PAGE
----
20-40-60 Etiquette---Sorry for your loss?
YOU ASK! WE ANSWER! YOU DECIDE!
Question: I recently saw an acquaintance that had lost her husband nine months ago. I had not seen her to talk to her and so I expressed my condolences. She started crying. Should I have not mentioned her loss or what is appropriate?
CALLIE’S ANSWER: Obviously, it didn’t turn out how you thought it would. When you give your condolences you should know that this might occur. If you cannot handle this, then I would not say anything.
It is very nice of you, though, because it means that you care. I am sure if you are on the other side it would be different, although I have never been in this situation. Each person and situation is very different. Take that into account.
LILLIE-BETH’S ANSWER: This is highly personal, but just because your friends started crying, does not mean you were wrong in saying something about her husband. It sounds like you were concerned about her and wanted to let her know you were thinking about her.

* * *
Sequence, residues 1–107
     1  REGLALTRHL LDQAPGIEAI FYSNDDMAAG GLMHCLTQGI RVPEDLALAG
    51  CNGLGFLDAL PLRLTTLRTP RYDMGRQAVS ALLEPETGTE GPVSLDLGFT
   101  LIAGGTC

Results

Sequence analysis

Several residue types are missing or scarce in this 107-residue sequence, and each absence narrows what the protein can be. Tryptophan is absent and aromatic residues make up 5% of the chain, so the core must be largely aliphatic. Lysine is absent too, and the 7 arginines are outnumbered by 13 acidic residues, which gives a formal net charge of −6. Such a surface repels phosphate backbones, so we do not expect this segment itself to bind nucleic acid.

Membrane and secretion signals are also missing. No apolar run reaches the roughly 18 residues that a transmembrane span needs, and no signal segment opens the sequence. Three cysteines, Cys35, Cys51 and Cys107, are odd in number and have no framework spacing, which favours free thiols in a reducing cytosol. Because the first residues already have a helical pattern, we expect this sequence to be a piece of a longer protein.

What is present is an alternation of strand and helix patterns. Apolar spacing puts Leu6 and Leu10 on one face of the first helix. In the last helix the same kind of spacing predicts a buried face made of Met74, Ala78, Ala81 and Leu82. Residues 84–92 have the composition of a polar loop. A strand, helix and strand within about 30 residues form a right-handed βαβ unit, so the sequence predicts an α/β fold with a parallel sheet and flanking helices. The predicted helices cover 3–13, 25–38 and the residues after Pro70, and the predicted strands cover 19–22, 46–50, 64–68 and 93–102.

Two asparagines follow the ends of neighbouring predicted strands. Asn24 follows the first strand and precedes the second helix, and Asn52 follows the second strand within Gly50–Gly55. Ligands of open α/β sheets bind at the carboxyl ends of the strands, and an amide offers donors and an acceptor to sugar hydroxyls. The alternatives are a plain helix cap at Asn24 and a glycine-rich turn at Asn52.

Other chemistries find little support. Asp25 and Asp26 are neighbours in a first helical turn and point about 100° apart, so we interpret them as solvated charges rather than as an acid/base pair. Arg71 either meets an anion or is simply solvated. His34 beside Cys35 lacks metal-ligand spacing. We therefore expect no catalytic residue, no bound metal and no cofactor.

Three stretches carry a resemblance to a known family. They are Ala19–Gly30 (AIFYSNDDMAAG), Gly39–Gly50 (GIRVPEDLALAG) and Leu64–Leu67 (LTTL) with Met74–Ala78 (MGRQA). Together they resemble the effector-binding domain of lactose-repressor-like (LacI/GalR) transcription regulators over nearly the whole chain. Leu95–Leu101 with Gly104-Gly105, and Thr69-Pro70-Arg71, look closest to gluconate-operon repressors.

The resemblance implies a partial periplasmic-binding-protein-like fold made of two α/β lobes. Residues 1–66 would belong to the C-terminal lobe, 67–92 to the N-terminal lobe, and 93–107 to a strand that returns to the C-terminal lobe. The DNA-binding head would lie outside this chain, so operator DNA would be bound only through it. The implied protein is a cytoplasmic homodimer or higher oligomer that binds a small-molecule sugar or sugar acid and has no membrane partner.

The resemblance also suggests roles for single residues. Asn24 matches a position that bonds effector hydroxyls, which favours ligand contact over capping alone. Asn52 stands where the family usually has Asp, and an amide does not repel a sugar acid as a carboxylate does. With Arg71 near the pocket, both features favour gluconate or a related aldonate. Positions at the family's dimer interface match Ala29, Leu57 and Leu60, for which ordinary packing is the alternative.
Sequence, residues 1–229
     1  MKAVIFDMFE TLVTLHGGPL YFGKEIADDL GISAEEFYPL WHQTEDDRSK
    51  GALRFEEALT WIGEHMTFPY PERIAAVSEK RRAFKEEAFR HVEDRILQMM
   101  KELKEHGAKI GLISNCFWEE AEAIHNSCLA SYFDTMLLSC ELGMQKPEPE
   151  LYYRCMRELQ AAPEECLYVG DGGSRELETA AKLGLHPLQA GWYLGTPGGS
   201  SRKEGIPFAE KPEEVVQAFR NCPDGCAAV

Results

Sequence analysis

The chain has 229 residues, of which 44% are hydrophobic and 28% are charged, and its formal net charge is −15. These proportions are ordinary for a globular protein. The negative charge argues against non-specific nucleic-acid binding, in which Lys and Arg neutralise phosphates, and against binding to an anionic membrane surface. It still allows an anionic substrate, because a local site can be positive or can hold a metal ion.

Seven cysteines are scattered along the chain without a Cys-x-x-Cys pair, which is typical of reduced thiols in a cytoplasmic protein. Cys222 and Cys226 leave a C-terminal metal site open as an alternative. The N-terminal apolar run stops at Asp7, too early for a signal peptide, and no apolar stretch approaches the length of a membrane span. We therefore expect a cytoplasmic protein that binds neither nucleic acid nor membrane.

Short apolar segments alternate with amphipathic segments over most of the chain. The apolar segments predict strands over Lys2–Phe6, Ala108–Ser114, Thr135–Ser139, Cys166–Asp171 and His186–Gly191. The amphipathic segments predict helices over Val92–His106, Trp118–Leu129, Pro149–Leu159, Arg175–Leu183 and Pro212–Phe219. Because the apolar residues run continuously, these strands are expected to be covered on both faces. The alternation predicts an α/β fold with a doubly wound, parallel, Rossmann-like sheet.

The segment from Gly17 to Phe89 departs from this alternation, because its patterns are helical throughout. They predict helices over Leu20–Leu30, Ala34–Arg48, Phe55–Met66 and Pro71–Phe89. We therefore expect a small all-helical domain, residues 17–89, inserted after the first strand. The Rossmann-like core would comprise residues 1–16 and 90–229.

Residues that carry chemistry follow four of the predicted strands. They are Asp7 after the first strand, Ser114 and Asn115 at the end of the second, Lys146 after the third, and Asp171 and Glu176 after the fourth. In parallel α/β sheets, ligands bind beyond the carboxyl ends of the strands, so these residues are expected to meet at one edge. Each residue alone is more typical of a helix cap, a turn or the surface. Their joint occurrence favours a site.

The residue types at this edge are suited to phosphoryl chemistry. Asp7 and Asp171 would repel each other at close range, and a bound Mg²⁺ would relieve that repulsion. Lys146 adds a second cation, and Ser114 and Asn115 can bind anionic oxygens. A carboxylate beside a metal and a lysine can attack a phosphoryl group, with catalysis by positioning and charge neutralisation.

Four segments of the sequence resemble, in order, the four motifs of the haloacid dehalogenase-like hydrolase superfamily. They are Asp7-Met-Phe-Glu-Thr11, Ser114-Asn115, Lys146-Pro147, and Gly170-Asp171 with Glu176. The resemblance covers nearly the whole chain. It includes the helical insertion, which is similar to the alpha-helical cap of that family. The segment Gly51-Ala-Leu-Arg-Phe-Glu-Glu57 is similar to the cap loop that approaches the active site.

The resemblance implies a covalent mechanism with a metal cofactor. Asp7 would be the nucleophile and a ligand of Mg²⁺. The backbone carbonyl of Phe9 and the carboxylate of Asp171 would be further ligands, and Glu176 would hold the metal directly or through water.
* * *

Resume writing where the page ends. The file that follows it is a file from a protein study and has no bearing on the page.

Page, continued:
To me, that is gracious and kind, which is basically what good etiquette is anyway. Once you say you’re sorry for a loss, take the cue from your friend’s reaction. If the person starts crying, offer a hug. If they cut off the conversation, then drop it and move onto something else. If they want to talk, let them. Just as I don’t think there’s a right or wrong way to grieve a loss, there isn’t perfect way to show someone you care.
HELEN’S ANSWER: It is always appropriate to communicate your sadness about a loss…whether it is the next day or the next year. However, the condolences can be made in private, so that if the feelings are very tender, that the person you are talking to can respond in whatever manner she wishes.
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